Joel recently ran across an article –‘I’ll Never Retire’: Americans Break Record for Working Past 65.   There are more retirement age people (over 65) working now than ever, the most since the 1960’s, before there was medicare. Is this a good thing?

There are good things about working such as the money, the social interaction with others, and the satisfaction of a job well done. I think if you choose to work it can be good for you. But, if you would rather retire but must keep working, then you have lost your option to choose.

According to the article, almost half of the seniors said they were working because they needed the money. About 60% of people have no retirement savings. (see another article – the-rich-have-you-beat-in-retirement-too)  42% of workers don’t have access to a work sponsored retirement plan and even those who do don’t always use it. As you would expect, lower income workers save less. It’s hard to put money aside for retirement when you are struggling to make ends meet today. Even those who did manage to save often were hard hit by the recent recession, losing much of their savings and much of the equity in their homes.

So, in real numbers, how much money should you have for retirement? According to this article from Forbes, “you need enough saved to be able to meet your annual expenses in year one of retirement by withdrawing 4 percent of your nest egg. We can reverse the math. Being able to withdraw 4 percent in year one means having 25 times your annual spending invested for retirement. Assuming $100,000 in annual spending, you’ll need a cool $2.5 million stashed away. But if you can slash your retirement spending in half, and live on $50,000, you’ll only need $1.25 million.”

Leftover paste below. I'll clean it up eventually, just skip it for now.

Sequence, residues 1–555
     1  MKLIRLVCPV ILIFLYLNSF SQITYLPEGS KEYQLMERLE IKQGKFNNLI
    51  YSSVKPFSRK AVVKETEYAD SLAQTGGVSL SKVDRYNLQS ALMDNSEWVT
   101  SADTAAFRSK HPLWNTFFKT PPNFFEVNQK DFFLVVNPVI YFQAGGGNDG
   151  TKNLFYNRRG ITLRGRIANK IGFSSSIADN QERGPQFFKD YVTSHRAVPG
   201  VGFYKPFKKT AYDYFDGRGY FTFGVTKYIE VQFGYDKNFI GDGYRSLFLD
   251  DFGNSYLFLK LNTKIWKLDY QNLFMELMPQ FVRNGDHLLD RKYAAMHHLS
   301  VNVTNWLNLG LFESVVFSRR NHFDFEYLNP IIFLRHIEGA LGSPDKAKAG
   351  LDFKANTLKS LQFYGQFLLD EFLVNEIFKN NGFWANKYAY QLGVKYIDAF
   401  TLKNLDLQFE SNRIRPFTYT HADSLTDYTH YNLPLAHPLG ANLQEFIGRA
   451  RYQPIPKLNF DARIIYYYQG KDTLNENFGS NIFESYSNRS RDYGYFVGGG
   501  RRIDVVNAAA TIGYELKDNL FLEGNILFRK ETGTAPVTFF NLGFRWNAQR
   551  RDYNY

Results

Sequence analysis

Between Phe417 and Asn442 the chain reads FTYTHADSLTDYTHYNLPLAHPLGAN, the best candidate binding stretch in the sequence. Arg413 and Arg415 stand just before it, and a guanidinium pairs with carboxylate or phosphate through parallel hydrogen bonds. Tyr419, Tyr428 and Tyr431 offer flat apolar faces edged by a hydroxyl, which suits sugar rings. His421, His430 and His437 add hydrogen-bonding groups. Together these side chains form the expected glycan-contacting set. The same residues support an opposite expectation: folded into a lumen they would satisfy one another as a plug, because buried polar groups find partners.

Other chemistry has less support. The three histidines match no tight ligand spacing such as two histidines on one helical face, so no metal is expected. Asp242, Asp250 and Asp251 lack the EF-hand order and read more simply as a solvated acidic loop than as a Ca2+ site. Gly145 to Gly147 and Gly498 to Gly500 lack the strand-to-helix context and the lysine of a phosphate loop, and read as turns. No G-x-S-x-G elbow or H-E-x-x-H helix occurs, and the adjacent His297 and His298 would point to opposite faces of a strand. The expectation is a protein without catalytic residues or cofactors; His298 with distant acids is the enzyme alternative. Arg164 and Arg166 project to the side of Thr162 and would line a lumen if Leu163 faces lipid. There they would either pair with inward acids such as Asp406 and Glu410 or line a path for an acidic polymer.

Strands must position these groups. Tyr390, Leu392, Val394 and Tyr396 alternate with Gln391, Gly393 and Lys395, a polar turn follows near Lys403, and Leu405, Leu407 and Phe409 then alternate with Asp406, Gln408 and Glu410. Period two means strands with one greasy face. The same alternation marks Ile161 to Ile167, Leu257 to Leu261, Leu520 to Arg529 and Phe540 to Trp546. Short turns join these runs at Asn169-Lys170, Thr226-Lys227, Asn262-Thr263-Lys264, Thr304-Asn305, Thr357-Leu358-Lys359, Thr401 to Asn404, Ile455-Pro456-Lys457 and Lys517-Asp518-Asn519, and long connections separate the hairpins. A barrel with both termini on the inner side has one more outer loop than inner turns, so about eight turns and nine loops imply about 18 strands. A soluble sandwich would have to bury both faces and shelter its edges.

Only $1.25 million! Of course social security and pensions will decrease the numbers further, as will a cheaper lifestyle but it still sounds daunting. How much do you have to put away for how many years to get to your recommended number, and how many of us have actually been able to do that? Not me, for sure.

So, if the money isn’t there, what is the other option? Decrease spending! Unfortunately for us, if we stayed in the US, that would have meant moving to a place we would not prefer, and seriously cutting back on everything. Or, working longer, or most likely both of the above. I was so burned out I don’t think I would have been worth much if I had worked another 10 years. I doubt I would have the health and stamina to do a fraction of the things I’m enjoying now.

I know, many of the world’s people would love to have only these problems. We are not starving, being shot at, or fleeing for our lives in an overcrowded boat. Still though, this is a real problem for many in their later years adding worry, stress, and unhappiness to their lives. I don’t think it’s going to get better in the near future either as more and more baby boomers reach retirement age without savings, or with inadequate savings. Add to this the possibility of another downturn in the economy, major health expenses, or other unforeseen problems, and the picture gets even darker. It’s hard times for too many of our bothers and sisters up there.

Courtesy of The Panama Adventure